Google Scholar 

  15. Tsugane S, Sasaki S, Tsubono Y . Under- and overweight impact on mortality among middle-aged Japanese men and women: a 10-y follow-up of JPHC study cohort I. Int J Obes Relat Metab Disord 2002; 26: 529–537.

    CAS  Article  Google Scholar 

  16. Troiano RP, Frongillo Jr EA, Sobal J, Levitsky DA . The relationship between body weight and mortality: a quantitative analysis of combined information from existing studies. Int J Obes Relat Metab Disord 1996; 20: 63–75.

    CAS  Google Scholar 

  17. Jonsson S, Hedblad B, Engstrom G, Nilsson P, Berglund G, Janzon L . Influence of obesity on cardiovascular risk. Twenty-three-year follow-up of 22025 men from an urban Swedish population. Int J Obes Relat Metab Disord 2002; 26: 1046–1053.

    CAS  Article  Google Scholar 

  18. Calle EE, Thun MJ, Petrelli OM, Rodriguez C, Heath CW . Body-mass index and mortality in a prospective cohort of US adults. N Engl J Med 1999; 341: 1097–1105.

    CAS  Article  Google Scholar 

  19. Després JP, Moorjani S, Lupien PJ, Tremblay A, Nadeau A, Bouchard C . Regional distribution of body fat, plasma lipoproteins, and cardiovascular disease. Arteriosclerosis 1990; 10: 497–511.

    Article  Google Scholar 

  20. Kissebah AH, Krakower GR . Regional adiposity and morbidity. Physiol Rev 1994; 74: 761–811.

    CAS  Article  Google Scholar 

  21. Lakka HM, Lakka TA, Tuomilehto J, Salonen JT . Abdominal obesity is associated with increased risk of acute coronary events in men. Eur Heart J 2002; 23: 706–713.

    Article  Google Scholar 

  22. Oppert JM, Charles MA, Thibult N, Guy-Grand B, Eschwege E, Ducimetiere P . Anthropometric estimates of muscle and fat mass in relation to cardiac and cancer mortality in men: the Paris Prospective Study. Am J Clin Nutr 2002; 75: 1107–1113.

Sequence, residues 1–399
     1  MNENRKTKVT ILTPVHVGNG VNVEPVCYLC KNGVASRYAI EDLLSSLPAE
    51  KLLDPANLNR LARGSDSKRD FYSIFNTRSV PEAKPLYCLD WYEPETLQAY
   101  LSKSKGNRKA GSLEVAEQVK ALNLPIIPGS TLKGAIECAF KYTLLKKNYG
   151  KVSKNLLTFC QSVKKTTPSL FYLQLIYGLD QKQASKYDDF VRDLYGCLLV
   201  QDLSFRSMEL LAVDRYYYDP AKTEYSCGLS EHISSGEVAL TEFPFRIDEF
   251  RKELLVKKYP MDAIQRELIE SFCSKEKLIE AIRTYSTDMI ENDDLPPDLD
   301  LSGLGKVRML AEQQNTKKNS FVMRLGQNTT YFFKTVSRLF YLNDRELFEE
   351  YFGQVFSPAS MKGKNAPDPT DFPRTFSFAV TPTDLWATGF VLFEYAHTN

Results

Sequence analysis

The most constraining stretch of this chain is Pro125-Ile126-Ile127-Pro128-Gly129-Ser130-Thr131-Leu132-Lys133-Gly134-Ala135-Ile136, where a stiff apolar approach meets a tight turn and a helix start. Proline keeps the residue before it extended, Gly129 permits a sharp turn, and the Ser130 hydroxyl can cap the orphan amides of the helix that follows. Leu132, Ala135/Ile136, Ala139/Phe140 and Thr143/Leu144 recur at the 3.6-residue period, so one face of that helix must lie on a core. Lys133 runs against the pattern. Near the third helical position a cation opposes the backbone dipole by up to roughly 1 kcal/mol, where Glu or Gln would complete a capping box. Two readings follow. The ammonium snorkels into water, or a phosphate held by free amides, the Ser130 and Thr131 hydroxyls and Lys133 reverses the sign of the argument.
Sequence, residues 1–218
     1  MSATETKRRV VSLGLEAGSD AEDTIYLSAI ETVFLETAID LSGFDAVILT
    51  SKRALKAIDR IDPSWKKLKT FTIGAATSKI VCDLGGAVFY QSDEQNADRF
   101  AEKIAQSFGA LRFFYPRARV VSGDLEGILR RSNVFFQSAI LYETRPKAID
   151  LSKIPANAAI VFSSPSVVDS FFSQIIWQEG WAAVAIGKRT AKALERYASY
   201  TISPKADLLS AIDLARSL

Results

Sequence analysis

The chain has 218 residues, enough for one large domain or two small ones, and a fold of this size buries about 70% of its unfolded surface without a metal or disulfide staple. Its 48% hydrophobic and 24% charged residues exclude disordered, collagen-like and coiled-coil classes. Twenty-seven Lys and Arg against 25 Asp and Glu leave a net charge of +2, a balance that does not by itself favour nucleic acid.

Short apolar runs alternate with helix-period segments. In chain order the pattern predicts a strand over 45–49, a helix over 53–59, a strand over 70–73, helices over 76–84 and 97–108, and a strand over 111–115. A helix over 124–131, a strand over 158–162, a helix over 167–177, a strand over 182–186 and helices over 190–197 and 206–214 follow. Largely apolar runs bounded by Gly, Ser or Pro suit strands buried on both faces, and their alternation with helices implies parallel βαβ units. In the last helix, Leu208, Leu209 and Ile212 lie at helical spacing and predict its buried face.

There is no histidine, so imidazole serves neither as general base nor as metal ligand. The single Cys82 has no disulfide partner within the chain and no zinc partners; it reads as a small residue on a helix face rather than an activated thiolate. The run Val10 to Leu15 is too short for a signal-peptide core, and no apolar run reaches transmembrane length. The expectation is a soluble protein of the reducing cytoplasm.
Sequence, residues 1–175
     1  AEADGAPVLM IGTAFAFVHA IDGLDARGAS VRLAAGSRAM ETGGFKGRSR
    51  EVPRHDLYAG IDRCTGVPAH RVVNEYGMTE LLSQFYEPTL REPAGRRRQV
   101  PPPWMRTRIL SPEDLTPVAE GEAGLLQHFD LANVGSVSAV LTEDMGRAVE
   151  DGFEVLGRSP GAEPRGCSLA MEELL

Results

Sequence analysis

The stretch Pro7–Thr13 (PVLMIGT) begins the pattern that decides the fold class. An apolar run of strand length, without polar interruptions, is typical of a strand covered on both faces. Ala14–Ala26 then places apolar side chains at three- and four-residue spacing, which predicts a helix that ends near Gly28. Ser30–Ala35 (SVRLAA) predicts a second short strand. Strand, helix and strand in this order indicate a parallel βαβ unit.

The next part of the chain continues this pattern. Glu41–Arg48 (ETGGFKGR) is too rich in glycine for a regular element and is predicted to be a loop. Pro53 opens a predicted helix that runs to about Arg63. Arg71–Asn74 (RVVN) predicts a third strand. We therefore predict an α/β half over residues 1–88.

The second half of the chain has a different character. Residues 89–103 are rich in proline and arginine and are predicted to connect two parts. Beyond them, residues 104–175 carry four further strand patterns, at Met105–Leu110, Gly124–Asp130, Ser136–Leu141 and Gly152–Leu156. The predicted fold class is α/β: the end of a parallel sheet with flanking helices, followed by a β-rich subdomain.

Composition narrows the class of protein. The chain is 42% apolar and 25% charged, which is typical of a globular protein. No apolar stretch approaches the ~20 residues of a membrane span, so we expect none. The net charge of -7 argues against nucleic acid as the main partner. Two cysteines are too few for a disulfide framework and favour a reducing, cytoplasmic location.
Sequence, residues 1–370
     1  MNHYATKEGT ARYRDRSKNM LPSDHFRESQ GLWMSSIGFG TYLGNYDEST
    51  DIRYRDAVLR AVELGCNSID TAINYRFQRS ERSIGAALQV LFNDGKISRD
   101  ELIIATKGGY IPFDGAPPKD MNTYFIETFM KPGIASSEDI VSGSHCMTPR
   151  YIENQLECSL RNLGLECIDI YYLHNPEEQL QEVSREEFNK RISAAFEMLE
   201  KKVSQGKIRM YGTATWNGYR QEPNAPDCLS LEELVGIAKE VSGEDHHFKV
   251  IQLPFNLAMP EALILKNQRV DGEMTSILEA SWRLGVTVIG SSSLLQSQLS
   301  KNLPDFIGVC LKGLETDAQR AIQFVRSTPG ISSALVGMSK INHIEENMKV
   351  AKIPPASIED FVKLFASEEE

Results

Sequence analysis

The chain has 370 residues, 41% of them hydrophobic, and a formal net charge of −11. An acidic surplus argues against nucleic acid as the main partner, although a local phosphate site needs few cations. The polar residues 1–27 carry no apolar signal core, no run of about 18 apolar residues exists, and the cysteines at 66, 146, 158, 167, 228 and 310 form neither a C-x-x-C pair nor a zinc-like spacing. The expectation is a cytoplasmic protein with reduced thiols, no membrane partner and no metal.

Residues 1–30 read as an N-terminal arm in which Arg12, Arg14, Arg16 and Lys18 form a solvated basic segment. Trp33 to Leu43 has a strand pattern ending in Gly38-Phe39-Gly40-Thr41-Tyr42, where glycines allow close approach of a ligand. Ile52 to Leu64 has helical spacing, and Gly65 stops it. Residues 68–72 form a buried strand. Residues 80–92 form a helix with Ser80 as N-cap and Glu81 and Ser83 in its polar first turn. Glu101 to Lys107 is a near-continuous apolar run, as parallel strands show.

CAS  Article  Google Scholar 

Download references

Acknowledgements

Supported by Grant HL-058621 from the National Heart Lung and Blood Institute, and was conducted at the Lawrence Berkeley Laboratory (Department of Energy DE-AC03-76SF00098 to the University of California).

Author information

Authors and Affiliations

Authors

Corresponding author

Correspondence to P T Williams.

Rights and permissions

Reprints and Permissions

About this article

Cite this article

Williams, P. Vigorous exercise and the population distribution of body weight. Int J Obes 28, 120–128 (2004). https://doi.org/10.1038/sj.ijo.0802480

Download citation

  • Received:

  • Revised:

  • Accepted:

  • Published:

  • Issue Date:

  • DOI: https://doi.org/10.1038/sj.ijo.0802480

Keywords

  • exercise
  • running
  • physical activity
  • body mass index
  • waist circumference
  • hip circumference
  • chest circumference

Further reading

Search

Quick links